Artificial intelligence now dispenses with human knowledge and learns by itself in order to become invincible. Human beings, however, continue to use technology to overcome barriers, such as the use of 3D bioprinting to create precision medicine, or to realize the most ambitious dreams such as reaching other planets through the most powerful rockets ever created. Here we review the great technological advances of the year 2017.
Artificial Intelligence DeepMind
Last year, a computer program developed by Google DeepMind made history by defeating Lee Sedol, one of the planet’s best players of Go, a kind of oriental chess that is considered as complex as the human mind—the chips can be arranged on the board in more combinations than the number of atoms in the universe. And in 2017, the technology went further and a new version, called AlphaGo, now has an algorithm capable of training itself and becoming unbeatable.
While the original program had been trained with the analysis of millions of movements from games between humans, the new version uses a neural network of learning by reinforcement. In other words, the machine plays against itself and teaches itself to reach a capacity well above its earlier versions.
The AlphaGo developers explain that the machine intuitively discovered tactics and movements used by human players for thousands of years, but also discovered other unknown and more efficient strategies on its own. “It is possible to train [a machine] at a superhuman level, without human examples or guidance,” they say.
In China, one can already make payments using one’s face. This year, the startup Face++ has created facial recognition software that identifies and monitors the facial movements of each user and it is already being used in different applications such as making bank transfers or verifying that a driver of transport services has a driver’s license. Chinese police are using it to identify criminals in videos recorded by security cameras.
Developed in 1960, this technology has been popularized in 2017 by companies such as Face++ and FaceTech as well as by the smartphone makers. Apple has used it to create facial unlocking, the most important change in its new model—the iPhoneX.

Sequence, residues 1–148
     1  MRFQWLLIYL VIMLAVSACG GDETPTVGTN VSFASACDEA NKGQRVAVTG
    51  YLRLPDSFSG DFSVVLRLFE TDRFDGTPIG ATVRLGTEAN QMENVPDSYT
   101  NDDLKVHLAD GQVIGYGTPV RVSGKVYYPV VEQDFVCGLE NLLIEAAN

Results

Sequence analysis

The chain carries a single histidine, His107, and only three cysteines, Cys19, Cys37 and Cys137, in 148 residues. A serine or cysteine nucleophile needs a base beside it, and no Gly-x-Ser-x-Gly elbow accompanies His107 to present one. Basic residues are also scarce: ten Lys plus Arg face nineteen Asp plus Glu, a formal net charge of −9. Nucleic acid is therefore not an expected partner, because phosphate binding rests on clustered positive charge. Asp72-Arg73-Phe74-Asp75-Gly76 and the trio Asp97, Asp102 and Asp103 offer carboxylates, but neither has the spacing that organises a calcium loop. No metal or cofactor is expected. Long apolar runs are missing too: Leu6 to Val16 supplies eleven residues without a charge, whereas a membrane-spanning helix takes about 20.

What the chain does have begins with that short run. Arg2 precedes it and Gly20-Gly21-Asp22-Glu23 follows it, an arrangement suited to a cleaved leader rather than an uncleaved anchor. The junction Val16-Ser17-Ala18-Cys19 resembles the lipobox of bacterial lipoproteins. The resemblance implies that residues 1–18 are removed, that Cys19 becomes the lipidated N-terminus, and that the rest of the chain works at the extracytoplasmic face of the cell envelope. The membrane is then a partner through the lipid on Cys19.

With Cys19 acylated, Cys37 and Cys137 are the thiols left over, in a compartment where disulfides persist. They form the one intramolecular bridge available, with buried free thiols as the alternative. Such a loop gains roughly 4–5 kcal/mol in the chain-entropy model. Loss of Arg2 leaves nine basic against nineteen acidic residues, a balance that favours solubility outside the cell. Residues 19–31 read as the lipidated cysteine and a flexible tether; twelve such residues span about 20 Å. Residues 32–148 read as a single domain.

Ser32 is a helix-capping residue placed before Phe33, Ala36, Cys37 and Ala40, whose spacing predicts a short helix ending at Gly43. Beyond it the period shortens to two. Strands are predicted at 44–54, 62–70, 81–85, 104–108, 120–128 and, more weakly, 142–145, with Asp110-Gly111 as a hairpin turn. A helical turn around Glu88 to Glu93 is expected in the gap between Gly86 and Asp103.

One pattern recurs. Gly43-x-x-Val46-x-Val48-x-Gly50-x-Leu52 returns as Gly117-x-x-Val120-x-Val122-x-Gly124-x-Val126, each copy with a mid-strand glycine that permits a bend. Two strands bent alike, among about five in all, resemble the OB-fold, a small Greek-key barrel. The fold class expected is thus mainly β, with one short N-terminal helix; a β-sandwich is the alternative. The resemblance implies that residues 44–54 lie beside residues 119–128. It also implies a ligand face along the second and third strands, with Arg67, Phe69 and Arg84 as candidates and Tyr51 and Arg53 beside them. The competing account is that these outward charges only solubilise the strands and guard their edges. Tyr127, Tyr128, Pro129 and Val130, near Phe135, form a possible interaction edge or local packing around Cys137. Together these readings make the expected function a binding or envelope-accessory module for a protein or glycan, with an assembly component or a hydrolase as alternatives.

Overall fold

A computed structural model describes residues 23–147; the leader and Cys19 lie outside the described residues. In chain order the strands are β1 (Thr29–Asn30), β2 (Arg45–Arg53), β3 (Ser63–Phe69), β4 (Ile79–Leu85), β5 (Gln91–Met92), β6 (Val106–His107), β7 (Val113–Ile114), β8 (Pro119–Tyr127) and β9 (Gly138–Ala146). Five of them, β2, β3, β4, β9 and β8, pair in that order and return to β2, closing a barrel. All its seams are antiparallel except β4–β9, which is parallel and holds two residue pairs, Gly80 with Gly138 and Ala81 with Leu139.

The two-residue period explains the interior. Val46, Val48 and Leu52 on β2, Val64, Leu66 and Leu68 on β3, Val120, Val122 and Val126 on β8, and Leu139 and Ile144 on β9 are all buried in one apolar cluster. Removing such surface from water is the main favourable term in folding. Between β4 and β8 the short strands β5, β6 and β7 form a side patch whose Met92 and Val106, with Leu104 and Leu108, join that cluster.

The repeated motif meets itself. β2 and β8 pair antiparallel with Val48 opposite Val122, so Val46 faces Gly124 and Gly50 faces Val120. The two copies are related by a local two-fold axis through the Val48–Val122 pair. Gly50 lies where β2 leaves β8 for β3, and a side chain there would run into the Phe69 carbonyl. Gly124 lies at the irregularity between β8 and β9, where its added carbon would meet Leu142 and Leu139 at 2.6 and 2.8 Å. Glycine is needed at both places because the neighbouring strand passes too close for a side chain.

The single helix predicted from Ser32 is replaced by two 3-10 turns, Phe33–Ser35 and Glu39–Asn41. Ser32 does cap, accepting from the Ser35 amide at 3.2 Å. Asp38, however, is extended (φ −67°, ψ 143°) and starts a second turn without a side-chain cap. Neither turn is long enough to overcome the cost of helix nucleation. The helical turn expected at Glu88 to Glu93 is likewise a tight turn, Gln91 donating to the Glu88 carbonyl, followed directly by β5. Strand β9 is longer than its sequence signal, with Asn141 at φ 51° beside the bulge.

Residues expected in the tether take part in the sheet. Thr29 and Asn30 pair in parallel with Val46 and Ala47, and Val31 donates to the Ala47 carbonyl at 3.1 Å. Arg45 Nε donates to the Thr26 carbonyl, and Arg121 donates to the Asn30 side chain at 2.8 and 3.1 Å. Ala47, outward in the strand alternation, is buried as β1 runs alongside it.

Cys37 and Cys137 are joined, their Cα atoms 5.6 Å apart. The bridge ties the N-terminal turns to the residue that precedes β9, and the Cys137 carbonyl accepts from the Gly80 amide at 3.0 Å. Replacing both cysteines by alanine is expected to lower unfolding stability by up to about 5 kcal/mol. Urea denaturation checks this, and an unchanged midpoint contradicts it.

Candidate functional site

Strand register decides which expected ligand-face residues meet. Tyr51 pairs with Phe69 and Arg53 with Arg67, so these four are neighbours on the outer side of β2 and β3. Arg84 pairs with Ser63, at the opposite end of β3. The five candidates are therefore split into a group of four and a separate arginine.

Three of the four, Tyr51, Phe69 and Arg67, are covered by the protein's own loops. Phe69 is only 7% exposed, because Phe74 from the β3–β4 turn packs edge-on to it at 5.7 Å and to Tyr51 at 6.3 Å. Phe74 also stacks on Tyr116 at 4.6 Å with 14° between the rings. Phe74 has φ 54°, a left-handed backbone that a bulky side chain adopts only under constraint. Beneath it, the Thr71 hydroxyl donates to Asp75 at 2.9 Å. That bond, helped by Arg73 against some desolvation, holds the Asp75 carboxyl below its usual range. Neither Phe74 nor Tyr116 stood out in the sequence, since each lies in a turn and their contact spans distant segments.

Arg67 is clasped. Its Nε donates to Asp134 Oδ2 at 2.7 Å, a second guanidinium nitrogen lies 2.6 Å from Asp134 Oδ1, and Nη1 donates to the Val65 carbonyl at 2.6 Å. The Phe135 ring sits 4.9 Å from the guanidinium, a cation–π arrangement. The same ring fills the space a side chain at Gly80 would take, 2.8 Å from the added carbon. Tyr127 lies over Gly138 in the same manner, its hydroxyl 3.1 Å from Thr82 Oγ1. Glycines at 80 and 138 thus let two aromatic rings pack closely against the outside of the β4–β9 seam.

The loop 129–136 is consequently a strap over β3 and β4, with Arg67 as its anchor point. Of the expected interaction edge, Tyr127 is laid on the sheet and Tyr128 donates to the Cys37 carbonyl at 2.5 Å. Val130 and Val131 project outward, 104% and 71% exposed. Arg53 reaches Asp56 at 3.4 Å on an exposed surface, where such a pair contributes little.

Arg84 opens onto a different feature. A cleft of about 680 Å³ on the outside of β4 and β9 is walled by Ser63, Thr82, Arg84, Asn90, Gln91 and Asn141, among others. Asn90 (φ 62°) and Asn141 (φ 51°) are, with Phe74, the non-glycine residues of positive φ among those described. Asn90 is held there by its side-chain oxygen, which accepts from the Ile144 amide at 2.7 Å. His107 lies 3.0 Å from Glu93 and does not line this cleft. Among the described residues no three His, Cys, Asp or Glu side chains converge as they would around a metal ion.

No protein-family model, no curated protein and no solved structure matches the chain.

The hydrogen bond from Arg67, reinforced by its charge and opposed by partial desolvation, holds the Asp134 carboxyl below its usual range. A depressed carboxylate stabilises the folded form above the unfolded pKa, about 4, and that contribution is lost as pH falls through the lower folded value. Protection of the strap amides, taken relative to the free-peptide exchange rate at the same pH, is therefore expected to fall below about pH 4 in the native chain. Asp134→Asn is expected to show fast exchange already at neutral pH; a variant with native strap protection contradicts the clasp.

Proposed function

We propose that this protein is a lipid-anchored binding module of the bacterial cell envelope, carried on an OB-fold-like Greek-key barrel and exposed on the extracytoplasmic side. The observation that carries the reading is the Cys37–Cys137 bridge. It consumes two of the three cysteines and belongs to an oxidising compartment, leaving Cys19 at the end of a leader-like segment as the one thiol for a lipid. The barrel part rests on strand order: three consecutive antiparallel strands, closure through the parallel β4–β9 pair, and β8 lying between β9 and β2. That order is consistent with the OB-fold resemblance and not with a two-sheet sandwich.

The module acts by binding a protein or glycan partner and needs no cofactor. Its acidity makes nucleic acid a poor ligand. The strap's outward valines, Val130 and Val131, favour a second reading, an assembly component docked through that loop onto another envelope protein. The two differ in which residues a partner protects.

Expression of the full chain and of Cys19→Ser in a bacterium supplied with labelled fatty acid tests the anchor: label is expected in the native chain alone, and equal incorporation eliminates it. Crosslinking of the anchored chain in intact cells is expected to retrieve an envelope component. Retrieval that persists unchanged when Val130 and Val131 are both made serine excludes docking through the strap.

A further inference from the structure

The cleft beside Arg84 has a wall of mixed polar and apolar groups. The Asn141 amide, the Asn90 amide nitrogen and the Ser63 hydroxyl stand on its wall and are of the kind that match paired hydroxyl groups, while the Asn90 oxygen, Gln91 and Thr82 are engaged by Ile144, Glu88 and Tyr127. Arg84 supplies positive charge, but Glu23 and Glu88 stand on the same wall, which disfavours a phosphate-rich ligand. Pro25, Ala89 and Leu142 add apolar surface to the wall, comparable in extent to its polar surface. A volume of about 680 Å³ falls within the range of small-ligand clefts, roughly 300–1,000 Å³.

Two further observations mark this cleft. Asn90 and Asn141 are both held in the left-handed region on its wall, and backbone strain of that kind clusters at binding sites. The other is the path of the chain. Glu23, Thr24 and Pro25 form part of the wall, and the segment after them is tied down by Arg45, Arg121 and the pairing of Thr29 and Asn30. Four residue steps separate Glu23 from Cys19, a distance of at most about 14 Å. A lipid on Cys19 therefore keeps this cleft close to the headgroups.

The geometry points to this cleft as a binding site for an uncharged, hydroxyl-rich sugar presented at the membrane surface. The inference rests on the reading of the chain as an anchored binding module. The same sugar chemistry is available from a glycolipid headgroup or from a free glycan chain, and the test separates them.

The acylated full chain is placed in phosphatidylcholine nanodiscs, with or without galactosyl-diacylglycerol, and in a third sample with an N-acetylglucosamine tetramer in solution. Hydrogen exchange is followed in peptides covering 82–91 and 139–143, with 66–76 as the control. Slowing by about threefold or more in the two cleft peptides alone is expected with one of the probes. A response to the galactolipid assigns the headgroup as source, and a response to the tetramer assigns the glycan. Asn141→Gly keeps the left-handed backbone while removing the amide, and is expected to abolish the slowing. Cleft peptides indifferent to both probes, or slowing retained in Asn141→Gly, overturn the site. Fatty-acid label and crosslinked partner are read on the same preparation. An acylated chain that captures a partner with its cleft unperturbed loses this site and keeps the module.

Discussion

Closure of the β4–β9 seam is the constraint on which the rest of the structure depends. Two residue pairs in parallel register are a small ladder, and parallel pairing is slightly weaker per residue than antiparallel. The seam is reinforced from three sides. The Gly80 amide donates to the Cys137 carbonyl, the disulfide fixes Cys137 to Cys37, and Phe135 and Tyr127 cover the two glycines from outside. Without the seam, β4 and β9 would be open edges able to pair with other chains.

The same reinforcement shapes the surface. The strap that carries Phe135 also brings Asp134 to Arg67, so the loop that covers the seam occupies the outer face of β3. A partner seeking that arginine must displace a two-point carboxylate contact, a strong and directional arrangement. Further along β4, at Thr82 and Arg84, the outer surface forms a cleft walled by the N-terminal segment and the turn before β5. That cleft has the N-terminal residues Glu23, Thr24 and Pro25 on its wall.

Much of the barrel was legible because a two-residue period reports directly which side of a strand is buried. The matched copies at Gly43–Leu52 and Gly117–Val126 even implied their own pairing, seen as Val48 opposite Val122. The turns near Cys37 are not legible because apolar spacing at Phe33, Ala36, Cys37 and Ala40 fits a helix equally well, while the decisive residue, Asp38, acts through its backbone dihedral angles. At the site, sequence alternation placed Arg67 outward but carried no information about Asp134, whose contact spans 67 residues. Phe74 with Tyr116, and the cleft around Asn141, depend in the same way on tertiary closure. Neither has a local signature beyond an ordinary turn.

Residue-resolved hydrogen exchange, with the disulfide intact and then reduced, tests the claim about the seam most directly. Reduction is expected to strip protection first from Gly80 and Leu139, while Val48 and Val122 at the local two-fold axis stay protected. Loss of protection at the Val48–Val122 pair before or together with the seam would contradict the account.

Apple’s so-called Face ID uses machine learning to create a kind of three-dimensional map of the face of the user and is able to detect changes in their face over time, such as the use of glasses or a new haircut.
The consecration of the smartphone
In addition to the already expected releases from Apple, which also introduced the iPhone 8, the mobile phone market has seen the release this year of the Galaxy S8, with which Samsung rose from the ashes after the crash of the Galaxy S7—the model that suddenly caught fire—in 2016. The new terminal has a screen that occupies practically the entire front and its main novelty is Bixby, a virtual assistant that promises to perform tasks more complex than its competition, Siri.
The big surprise of 2017, however, was the launch of Pixel 2 and Pixel 2 XL, the first smartphones designed and developed by Google, both with artificial intelligence. Unlike the others, these phones have a single camera equipped with sensors and AI to improve contrast, stabilization and object recognition, which is able to tell the user the breed of a dog or the date of a city landmark in front of them. As affirmed by the developers of these devices, 2017 has shown that the mobile phone is still the future.
Rocket to the red planet
SpaceX, the company that has set out to realize the dream of space tourism, has made history this year with the relaunch of its Falcon 9 rocket. The flight on March 31 marked the first time that a single rocket has been reused for multiple missions, an important step towards lowering the costs of space travel and thus making them more profitable.
The company has announced the launch by early 2018 of the Falcon Heavy, which aims to be the most powerful rocket in service. The piece stands 70 metres high, with 28 motors and with a capacity to carry about 63 tons of weight, equivalent to three Falcon 9s and is intended to transport thousands of tons of satellites, a solar spacecraft and, finally, two lunar tourists. The success in these first missions will demonstrate if this is the rocket with the power, reliability and price necessary to take humans to Mars.
The future printed in 3D
Before performing surgery, specialists from the Virgen del Rocío Hospital in Seville print 3D replicas of each patient’s heart, which is unique and one-of-a-kind, in order to study it. Doctors use the Witbox 2, a printer created by the company BQ, which is just one example of how this technology will revolutionize medicine in the coming years.
The paediatric team of the Sant Joan de Déu Hospital in Barcelona uses a similar technology to print 3D replicas of tumours that they use to rehearse the most risky operations for children.
Last May, a group of researchers used gelatine as ink to print artificial ovaries that, once implanted in sterilized mouse females, permitted the normal functioning of the reproductive process. So-called bioprinting has definitely entered the race towards precision medicine.